Both strong and weak Christians can cause their brothers and sisters to stumble. The strong but insensitive Christian may flaunt his or her freedom and intentionally offend others’ consciences. The scrupulous but weak Christian may try to fence others in with petty rules and regulations, thus causing dissension. Paul wants his readers to be both strong in the faith and sensitive to others’ needs. Because we are all strong in some areas and week in others, we need to constantly monitor the effects of our behavior on others. 
   Some Christians use a weaker brother or sister to support their own opinions, prejudices, or standards. “You must live by these standards,” they say, “or you will be offending the weaker brother or sister.” In truth, the person would often be offending no one but the speaker. While Paul urges us to be sensitive to those whose faith may be harmed by our actions, we should not sacrifice our liberty in Christ just to satisfy the selfish motives of those who are trying to force their opinions on us. Neither fear them nor criticize them, but follow Christ as closely as you can. 
   At the Jerusalem council (Acts 15), the Jewish church in Jerusalem asked the Gentile church in Antioch not to eat meat that had been sacrificed to idols. Paul was at the Jerusalem council, and he accepted the request, not because he felt that eating such meat was wrong in itself, but because this practice would deeply offend many Jewish believers. Paul did not think the issure was worth dividing the church over; his desire was to promote unity. 
   Sin is not just a private matter. Everything we do affects others, and we have to think of them constantly. God created us to be interdependent, not independent. We who are strong in our faith must, without pride or condescension, treat others with love, patience, and self-restraint.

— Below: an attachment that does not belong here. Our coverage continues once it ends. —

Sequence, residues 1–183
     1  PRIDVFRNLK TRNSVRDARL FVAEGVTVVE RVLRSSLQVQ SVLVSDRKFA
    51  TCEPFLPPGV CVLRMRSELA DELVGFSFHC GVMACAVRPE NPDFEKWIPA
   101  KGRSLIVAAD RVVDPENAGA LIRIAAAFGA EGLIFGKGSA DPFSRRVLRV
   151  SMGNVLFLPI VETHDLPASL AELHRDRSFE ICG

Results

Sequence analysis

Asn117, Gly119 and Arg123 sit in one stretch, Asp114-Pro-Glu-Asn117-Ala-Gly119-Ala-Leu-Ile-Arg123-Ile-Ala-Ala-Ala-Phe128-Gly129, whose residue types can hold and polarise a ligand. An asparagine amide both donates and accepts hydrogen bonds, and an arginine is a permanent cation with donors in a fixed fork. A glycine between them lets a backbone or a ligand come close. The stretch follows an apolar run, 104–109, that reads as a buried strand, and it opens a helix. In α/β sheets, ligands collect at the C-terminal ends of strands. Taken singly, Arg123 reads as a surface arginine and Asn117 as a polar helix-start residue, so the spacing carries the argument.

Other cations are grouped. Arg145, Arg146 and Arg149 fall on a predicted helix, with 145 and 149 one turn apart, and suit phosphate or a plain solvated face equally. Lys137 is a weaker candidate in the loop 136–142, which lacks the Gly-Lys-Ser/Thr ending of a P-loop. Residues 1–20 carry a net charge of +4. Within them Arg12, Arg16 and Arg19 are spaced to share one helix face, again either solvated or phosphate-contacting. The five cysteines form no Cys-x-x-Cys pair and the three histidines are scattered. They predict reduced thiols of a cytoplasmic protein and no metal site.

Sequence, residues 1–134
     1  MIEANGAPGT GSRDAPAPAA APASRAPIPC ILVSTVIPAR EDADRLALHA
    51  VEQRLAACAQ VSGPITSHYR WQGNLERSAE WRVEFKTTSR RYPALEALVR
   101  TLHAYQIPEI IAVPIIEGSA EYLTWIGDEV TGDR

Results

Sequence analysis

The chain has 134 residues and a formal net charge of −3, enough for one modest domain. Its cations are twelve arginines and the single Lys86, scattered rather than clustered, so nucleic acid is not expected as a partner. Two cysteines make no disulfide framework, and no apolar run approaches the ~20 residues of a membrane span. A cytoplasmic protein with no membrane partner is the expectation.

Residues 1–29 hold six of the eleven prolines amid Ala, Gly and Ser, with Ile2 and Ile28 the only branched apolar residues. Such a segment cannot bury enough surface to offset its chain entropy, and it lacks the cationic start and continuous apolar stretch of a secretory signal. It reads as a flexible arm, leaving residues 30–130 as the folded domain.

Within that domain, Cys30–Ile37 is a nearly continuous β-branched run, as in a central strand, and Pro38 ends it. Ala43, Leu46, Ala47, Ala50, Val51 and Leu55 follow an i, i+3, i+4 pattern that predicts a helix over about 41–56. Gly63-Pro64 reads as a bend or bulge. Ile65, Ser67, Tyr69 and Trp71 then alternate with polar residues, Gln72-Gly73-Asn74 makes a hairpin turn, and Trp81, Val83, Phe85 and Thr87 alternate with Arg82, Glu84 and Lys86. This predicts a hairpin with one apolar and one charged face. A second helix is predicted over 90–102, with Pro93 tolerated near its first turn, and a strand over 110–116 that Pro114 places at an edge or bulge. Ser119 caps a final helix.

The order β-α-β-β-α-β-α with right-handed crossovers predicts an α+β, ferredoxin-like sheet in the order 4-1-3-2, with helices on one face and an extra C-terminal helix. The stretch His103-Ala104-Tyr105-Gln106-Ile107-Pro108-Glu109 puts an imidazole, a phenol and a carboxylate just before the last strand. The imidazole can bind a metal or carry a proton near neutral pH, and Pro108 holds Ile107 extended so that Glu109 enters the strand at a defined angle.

We try to steer clear of actions forbidden by Scripture, of course, but sometimes Scripture is silent. Then we should follow our consciences. If you do anything you believe is not right, you are sinning. To go against a conviction will leave a person with a guilty or uneasy conscience. When God shows us that something is wrong for us, we should avoid it. But we should not look down on other Christians who exercise their freedom in those areas. 
   What is weak faith? Paul is speaking about immature faith that has not yet developed the muscle it needs to stand against external pressures. For example, if a person who once worshiped idols became a Christian, he might understand perfectly well that Christ saved him through faith and that idols have no real power. Still, because of his past associations, he might be badly shaken if he unknowingly ate meat that had been used in idol worship. If a person who once worshiped God on the required Jewish holy days became a Christian, he might well know that Christ saved him through faith, not through his keeping of the law. Still, when the festival days came, he might feel empty and unfaithful if he didn’t dedicate those days to God. 
   Paul responds to both weak brothers in love. Both are acting according to their consciences, but their honest convictions do not need to be made into rules for the church. Certainly some issues are central to the faith and worth fighting for, but many are based on individual differences and should not be legislated. Our principle should be: In essentials, unity; in nonessentials, liberty; in everything, love.